(I do get nostalgic, sometimes, though of course I’ve had some rather spectacular dinners here as well.)
So two years after that early morning flight, the sun is shining in California and I have had my morning Blue Bottle americano. I am off from work tomorrow and there are plans to take the visiting Swede/Brits to waffles and coffee at the Norwegian Seaman’s Church before heading north for the weekend. In a strange twist of fate, tonight will be dinner at Nopa with an old friend from DC — a good anniversary treat, I think. Perhaps I’ll even have a glass of sparkling wine to celebrate (except that — who am I kidding — I’ve been on a red wine kick for months now that will be hard to break).
As an anniversary treat to you, I offer my favorite baked tofu recipe, which I’m reminded of this brisk morning because it was one of the things I made when I was cleaning out the cupboards in preparation to move; it’s quick, easy, and makes good use of whatever you have (or don’t have) in the fridge and pantry. The only essentials are peanut butter and soy sauce, though I’m sure you could swap in another nut butter of your choice, and I’ve used tahini with good results. I also recommend lemon juice to cut the slight sweetness of the peanut butter, although my tastes run more to the savory in general. This is a loose recipe — more of a guide, really — that is a standby when what’s required is some healthful comfort food.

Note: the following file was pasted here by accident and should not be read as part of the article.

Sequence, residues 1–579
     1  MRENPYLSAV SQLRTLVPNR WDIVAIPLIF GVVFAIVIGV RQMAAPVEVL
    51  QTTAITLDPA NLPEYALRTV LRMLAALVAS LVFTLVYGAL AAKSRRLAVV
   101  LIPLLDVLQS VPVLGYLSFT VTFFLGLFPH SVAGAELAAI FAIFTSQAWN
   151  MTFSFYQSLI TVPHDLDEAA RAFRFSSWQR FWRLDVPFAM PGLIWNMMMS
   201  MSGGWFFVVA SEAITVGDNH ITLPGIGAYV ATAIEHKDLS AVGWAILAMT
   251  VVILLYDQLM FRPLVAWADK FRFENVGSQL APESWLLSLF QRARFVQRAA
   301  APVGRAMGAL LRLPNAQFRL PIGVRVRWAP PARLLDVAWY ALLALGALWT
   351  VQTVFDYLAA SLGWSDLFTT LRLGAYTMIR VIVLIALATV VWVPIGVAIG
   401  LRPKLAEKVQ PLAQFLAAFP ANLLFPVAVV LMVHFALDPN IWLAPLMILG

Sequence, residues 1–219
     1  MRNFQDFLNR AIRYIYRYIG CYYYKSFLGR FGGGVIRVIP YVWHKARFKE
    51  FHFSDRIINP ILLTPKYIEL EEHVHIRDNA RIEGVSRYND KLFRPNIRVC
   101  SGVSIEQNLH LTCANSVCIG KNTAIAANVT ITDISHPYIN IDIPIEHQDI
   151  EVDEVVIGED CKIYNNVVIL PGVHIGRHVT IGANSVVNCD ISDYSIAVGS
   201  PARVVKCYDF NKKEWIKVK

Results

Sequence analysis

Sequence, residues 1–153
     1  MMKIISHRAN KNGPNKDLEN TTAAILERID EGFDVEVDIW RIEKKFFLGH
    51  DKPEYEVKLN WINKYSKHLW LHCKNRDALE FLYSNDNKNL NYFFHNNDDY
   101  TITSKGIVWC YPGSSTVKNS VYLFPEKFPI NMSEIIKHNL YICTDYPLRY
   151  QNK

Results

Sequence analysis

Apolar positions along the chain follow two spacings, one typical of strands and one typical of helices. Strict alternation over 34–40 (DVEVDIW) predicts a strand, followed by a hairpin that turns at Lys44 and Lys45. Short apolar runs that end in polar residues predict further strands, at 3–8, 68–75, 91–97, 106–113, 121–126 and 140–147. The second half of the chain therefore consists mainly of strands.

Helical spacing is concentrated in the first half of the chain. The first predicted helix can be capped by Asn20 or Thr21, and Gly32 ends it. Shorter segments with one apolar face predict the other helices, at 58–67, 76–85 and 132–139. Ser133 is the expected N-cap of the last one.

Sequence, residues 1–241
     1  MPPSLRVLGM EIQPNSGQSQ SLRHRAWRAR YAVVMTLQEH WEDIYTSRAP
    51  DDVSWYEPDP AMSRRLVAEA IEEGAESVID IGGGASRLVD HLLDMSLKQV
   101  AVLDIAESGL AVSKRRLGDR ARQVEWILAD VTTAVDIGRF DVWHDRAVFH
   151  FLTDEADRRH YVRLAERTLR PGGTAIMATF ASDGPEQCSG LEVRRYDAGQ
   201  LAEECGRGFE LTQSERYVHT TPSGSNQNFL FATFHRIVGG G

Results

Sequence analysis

ps: Happy spring! It is here, at last.
Baked tofu, for when you’re on the move, or anytime
Try to leave time to press the tofu; even 10 minutes will help get out a good percentage of the water — it will hold the marinade better and won’t bake up to be soggy. I usually put a block between two cutting boards in the (clean!) sink, and put something heavy (for example: the full Brita water filter pitcher) on top, though I must admit this is sometimes a precarious undertaking.